Cheniere working locally to meet global need for LNG
Published 12:28 am Friday, April 15, 2022
CAMERON, Louisiana — As the second largest liquefied natural gas facility in the world, Cheniere has the eyes of the world upon them.
Located in Cameron, Louisiana, the Sabine Pass LNG export facility has six trains in operation and has produced and exported more than 1,550 cargoes of liquefied natural gas.
As oil and gas prices have climbed with the war in Ukraine, thoughts have turned to three major incremental suppliers of LNG: Qatar, the U.S. Gulf Coast and arctic Russia.
It was one of several topics discussed during a Thursday news conference as media from international companies joined to watch a loaded customer vessel, Isabella, depart the facility. Several special tugboats helped maneuver the tanker from one of the berths and a captain with Sabine Pilots sailed it away.
The destination for the tanker was not provided.
Anatol Feygin, Cheniere executive vice-president and chief commercial officer, was asked if there is a need to up the available supply to help Europe.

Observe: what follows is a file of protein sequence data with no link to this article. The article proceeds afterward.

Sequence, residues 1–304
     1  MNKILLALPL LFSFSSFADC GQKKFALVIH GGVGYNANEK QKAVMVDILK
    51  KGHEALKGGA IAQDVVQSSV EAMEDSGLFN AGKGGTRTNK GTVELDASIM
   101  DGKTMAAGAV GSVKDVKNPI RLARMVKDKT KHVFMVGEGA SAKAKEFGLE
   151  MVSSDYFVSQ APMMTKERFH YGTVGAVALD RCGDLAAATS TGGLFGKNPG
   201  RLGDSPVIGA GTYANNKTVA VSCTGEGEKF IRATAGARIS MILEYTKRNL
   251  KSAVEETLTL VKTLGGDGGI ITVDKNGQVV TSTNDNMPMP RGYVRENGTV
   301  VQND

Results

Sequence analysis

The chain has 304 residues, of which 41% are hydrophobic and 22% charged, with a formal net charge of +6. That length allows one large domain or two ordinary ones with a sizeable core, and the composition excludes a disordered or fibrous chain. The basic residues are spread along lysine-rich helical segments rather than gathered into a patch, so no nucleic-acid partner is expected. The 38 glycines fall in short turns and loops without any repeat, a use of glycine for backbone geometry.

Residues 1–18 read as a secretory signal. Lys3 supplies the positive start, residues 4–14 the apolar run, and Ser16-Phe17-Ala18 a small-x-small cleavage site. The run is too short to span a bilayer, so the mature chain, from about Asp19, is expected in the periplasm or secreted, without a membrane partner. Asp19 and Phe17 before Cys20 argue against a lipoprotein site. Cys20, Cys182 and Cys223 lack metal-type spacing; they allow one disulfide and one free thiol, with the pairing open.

Commercially, with one of the large-scale resources no longer available or not as readily available, the other resources will most likely fill in, Feygin said.
“We do think that, properly executed, the U.S. Gulf Coast is an attractive solution,” he said. “We’ve delivered our projects ahead of schedule, under budget, and as I mentioned earlier, have performed lively in supporting all of our customers. So, we think that is an attractive piece of the equation going forward.”
As for acquiring or swapping Russian-origin LNG, that’s not on the agenda for Cheniere. Feygin said the company does not want to jeopardize its track record by entering into such transactions where they could find themselves afoul of regulations and find themselves under sanctions.
Cheniere is the largest LNG supplier to Europe with 75 percent of its production shipped there in the first quarter of 2022, according to a report from the company.
Currently, Cheniere Sabine Pass is working on a third berth to be used to load LNG vessels for export and will be sized to accommodate vessels with a capacity of 125,000 to 180,000 cubic meters, according to information from the company.
Feygin said the Corpus Christi site is in the process of expansion, and there is room for growth — 500 acres worth — should they find the right commercial support in the future.
— By Mary Meaux